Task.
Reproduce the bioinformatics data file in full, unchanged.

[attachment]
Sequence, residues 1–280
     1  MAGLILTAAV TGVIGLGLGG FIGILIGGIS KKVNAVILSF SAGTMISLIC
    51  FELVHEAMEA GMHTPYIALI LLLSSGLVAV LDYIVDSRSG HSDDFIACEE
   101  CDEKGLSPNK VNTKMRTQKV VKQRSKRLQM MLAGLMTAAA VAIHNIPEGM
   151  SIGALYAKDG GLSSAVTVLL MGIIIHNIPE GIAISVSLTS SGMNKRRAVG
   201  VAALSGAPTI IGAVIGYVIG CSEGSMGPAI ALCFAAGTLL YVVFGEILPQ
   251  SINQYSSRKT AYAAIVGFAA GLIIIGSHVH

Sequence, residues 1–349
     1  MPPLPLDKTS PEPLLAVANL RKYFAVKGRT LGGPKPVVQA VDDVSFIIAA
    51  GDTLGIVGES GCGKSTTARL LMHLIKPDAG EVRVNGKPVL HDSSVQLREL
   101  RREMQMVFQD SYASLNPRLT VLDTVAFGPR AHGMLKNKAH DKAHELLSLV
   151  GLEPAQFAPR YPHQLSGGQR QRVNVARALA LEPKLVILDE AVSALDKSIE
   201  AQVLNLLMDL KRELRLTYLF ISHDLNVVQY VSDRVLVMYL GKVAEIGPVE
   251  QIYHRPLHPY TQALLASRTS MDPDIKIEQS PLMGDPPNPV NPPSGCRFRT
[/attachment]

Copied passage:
Sequence, residues 1–280
     1  MAGLILTAAV TGVIGLGLGG FIGILIGGIS KKVNAVILSF SAGTMISLIC
    51  FELVHEAMEA GMHTPYIALI LLLSSGLVAV LDYIVDSRSG HSDDFIACEE
   101  CDEKGLSPNK VNTKMRTQKV VKQRSKRLQM MLAGLMTAAA VAIHNIPEGM
   151  SIGALYAKDG GLSSAVTVLL MGIIIHNIPE GIAISVSLTS SGMNKRRAVG
   201  VAALSGAPTI IGAVIGYVIG CSEGSMGPAI ALCFAAGTLL YVVFGEILPQ
   251  SINQYSSRKT AYAAIVGFAA GLIIIGSHVH

Sequence, residues 1–349
     1  MPPLPLDKTS PEPLLAVANL RKYFAVKGRT LGGPKPVVQA VDDVSFIIAA
    51  GDTLGIVGES GCGKSTTARL LMHLIKPDAG EVRVNGKPVL HDSSVQLREL
   101  RREMQMVFQD SYASLNPRLT VLDTVAFGPR AHGMLKNKAH DKAHELLSLV
   151  GLEPAQFAPR YPHQLSGGQR QRVNVARALA LEPKLVILDE AVSALDKSIE
   201  AQVLNLLMDL KRELRLTYLF ISHDLNVVQY VSDRVLVMYL GKVAEIGPVE
   251  QIYHRPLHPY TQALLASRTS MDPDIKIEQS PLMGDPPNPV NPPSGCRFRT